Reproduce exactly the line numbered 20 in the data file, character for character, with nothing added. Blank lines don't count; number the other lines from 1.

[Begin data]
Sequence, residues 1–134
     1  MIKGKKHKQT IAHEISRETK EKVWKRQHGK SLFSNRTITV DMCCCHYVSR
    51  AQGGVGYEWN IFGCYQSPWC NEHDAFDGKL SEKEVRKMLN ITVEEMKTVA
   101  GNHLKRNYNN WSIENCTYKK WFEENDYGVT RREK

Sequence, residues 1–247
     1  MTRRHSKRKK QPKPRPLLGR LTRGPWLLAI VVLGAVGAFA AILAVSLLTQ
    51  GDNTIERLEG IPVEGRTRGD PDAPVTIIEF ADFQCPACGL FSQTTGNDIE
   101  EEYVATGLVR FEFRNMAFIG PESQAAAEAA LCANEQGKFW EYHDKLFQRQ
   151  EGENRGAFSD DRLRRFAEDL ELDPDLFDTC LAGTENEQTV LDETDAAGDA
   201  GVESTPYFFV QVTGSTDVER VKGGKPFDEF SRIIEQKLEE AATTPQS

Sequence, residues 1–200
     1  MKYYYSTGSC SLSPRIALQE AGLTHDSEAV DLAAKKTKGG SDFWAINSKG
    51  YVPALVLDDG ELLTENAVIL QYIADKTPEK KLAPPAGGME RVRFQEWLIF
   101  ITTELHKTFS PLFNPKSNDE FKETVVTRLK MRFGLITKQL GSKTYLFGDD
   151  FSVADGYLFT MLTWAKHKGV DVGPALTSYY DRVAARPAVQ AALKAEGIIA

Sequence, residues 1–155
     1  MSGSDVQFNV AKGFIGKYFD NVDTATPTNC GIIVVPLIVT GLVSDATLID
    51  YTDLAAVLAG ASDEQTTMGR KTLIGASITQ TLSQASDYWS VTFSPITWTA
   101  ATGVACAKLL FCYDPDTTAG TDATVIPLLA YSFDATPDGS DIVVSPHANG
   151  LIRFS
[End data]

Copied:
   151  LIRFS